Feeding Small Ruminants Year-Round
The primary objective of this assignment was to provide the F3P supported farmers with knowledge, skills and tools to practically implement better strategies for feeding animals on a year-round basis to provide better marketable products (e.g., meat, milk, breed). Although sheep and goats will survive periods of drought through scavenging, their production and life span suffers. Farmers are not always aware of the cost of this lost opportunity. Lack of feed during the dry season is an ongoing challenge for producers, but can be helped with fodder trees.
Previous years’ legume fodder tree plantings were evaluated and issues noted. Over 3,000 seedlings of Leucaena leucocephala, Gliricidia, sepium, and Moringa oliefera, were transplanted into common lands associated with the cooperatives during 2016. In the Koulikoro and Bougouni areas, farmers have been producing their new saplings from seeds and cuttings for planting during July and August 2017, matching the rainy season. The farmers are planting more trees with seeds and cuttings from the previous year’s planting in fodder banks and facilitating seed exchange between cooperatives. BGGC provided an approximate 25% match with legume saplings, mostly Glyricidia, as these trees grow significantly slower and require three to four years to produce seeds. Glyricidia, in our experience, does appear to survive tough conditions better.
The Leucaena and Moringa plantings have been expanding in the project common areas as these two trees grow quickly and provide seeds within a year.
The Katibougou farmers, as expected, experienced the most difficulty in managing their tree fodder banks due to late planting during the end of the rainy season and destruction by wandering animals, especially cattle, sheep, and goats.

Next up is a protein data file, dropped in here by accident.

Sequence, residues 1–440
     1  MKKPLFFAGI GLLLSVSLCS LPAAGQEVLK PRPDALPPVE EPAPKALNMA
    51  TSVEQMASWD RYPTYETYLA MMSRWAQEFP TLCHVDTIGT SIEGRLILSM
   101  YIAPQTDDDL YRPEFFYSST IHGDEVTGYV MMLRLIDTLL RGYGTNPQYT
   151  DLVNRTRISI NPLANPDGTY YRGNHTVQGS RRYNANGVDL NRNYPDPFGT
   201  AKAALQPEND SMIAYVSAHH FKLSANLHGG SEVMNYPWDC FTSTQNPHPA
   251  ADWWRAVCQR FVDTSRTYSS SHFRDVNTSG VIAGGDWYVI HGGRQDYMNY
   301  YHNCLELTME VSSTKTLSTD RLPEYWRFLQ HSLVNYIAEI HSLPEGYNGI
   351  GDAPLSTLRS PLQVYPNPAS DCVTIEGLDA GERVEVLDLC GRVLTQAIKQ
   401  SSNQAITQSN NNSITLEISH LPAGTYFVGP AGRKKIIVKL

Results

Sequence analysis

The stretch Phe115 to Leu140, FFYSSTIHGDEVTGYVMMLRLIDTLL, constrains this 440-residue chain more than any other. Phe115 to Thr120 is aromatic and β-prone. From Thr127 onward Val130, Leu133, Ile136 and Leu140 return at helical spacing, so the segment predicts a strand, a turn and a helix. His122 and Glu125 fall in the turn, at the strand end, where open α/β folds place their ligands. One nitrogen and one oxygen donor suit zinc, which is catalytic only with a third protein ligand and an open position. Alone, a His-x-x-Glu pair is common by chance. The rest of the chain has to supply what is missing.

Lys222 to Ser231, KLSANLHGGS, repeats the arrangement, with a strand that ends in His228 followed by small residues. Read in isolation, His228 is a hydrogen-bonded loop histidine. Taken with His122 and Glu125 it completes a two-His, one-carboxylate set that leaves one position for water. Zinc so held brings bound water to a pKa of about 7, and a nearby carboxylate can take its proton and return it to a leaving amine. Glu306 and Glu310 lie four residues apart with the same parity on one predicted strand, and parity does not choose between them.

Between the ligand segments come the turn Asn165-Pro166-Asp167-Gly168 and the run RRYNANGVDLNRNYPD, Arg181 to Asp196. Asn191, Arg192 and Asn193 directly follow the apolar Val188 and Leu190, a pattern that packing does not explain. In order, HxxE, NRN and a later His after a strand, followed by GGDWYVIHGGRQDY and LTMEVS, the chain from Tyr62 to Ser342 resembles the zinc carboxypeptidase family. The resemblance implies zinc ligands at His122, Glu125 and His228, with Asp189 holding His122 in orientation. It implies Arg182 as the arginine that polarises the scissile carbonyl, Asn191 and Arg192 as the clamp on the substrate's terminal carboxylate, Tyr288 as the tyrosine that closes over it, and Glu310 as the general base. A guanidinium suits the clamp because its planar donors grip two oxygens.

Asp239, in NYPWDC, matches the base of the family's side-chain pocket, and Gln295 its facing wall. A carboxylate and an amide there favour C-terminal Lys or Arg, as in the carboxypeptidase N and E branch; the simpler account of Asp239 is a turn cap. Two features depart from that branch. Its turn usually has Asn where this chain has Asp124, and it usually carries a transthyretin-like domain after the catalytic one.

Trees in protected fields such as at Toula village near Bougouni, had the highest survival rates due both to higher rainfall and adequate fences.
Tree Banks: Two tree banks have been established, one in Katibougou and the other in Toula near Bougouni. During year
1 saplings from U.S. donations were planted. Due to rapid growth of legume trees, seeds and cuttings were harvested for the year 2 plantings. In addition, farmers purchased approximately half the new saplings from local nurseries encouraged by the project to carry fodder trees. U.S. donations provided an irrigation well at Katibougou, Koulikoro to help compensate for the significantly dryer weather (see map page 3).
Method: Timely transplanting of nursery stock at the beginning of the rainy season is important. After seeds are procured, they must be planted into nursery containers several months before the rains are apt to begin. While the seedlings are growing in the nursery, holes must be dug in the fields where seedlings are expected to be transplanted. Once the rains begin, distribution of the seedlings are undertaken via donkey cart. Transplanting of the seedlings must be carried out in a gentle manner.
Equally crucial for successful fodder shrub and tree production is protection from sheep, goats, cattle, and other hungry animals for the full 12 months per year over a period of several years. The fodder shrubs and trees used in this and other projects are highly palatable to livestock – they were selected because of this attribute – and will be browsed by roaming herbivores if left unprotected. This is especially difficult on a large basis, but if the Cooperative members work together for their common cause, it can be done. Care must be taken to protect the transplants sufficiently high, as small ruminants, especially goats, can jump fences.
In Process: The establishment of small fodder banks in an enclosure stand provides the highest chance for success.
The first steps were taken at the Katibougou cooperative. The layout plan had on-farm shrub/tree fodder banks of 2,000 trees in a block planting arrangement. The saplings were sourced from small, local tree nurseries in the Koulikoro region. The area is fenced and irrigation is being set up from a new well.